Thursday, August 4, 2011

Should We Wait for Patent to License?

Dear Rich: Our company has a product idea which has been professionally prototyped/tested and we have acquired a trademark. It is patent pending for the past 2.5 years and should be up for finalization within 6 months. It relates to a fashion technology and our intent is to try to license the technology to existing brands. I am concerned that potential customers (brand) could lose a sense of urgency if they have to wait for the patent to be finalized? As you know, there is always a chance a patent can be denied, delayed, or disputed. They could also look for workaround’s on the patent or possibly seek deals with like technologies already available. Due to the risks and costs involved, I have opted to license the technology instead of producing a line ourselves. Had we been in a manufacturing position, we would have produced our product under Patent Pending status. As we don’t have production facilities or know-how, serious cash flow, nor distribution channels we have opted for a licensing model. Should we wait for patent finalization before trying to license the technology out? We can't advise you what to do but we do know that many people in your position do not wait for a patent to issue before pursuing a license. Often that decision depends on the industry. For example, in the toy, entertainment and fashion industries, speed to market may be the most important variable, with proprietary rights being a second perhaps less important concern. You probably are aware that there is no legal protection for your technology until the patent issues. Because 18 months have passed, your patent may have been published by the USPTO (depending on whether you permitted publication) so you can take advantage of one protective aspect of patent law. Anyone who copies your invention now, before the patent issues, can be subject to infringement for past transgressions once the patent is granted, provided you place them on notice regarding your patent pending status. We talk about that more here.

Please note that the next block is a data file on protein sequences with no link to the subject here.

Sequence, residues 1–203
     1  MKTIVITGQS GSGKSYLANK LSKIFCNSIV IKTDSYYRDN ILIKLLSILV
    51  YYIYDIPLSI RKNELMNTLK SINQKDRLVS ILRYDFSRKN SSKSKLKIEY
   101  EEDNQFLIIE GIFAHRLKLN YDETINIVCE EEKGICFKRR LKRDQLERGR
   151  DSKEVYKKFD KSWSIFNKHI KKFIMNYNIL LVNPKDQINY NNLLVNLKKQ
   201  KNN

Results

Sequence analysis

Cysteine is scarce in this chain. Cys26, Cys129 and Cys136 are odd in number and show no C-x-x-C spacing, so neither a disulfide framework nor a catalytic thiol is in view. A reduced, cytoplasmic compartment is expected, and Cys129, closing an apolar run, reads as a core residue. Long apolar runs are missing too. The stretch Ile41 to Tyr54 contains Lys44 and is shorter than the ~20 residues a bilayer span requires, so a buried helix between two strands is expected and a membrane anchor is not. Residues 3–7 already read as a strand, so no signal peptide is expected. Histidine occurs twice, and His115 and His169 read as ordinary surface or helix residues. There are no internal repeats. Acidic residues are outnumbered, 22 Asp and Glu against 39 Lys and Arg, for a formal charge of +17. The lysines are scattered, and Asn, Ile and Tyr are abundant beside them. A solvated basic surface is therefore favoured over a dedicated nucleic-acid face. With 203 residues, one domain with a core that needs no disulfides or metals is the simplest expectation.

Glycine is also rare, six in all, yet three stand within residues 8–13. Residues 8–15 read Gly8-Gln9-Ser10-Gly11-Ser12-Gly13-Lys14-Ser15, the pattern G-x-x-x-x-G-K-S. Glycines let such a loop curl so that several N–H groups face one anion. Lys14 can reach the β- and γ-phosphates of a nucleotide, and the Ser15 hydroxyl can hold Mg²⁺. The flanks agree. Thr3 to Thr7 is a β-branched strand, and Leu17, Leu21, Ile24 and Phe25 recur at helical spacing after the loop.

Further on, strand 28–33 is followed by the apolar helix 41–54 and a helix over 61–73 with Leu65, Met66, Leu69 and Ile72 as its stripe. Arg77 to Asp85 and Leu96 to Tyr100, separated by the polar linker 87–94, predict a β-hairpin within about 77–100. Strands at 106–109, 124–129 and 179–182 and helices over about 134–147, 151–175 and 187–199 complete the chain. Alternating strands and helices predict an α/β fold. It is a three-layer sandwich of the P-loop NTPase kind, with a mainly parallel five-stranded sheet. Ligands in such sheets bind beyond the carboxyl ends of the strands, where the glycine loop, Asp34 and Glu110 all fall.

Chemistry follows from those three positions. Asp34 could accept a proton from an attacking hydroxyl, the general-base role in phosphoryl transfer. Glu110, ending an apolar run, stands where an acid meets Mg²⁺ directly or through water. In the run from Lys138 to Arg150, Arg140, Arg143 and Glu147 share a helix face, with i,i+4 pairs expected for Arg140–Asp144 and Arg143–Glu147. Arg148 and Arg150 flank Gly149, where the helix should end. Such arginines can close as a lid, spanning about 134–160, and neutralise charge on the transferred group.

Evaluation agreements. Most people in your position use evaluation or option agreements with potential licensees. These agreements allow someone to evaluate the potential, and if they like your stuff, to make a deal. If your application has not been published you will need a nondisclosure agrement (or some variation) as well.
License agreements. Because there is always a possibility that a patent will not issue many people in your position enter into licenses with a two-tiered royalty. (Here is some basic invention licensing information). If the patent issues, you receive one royalty; if the patent does not issue, you would be entitled to a lower royalty. There are numerous ways these agreements can play out and we've outlined a few of the scenarios in one of our books.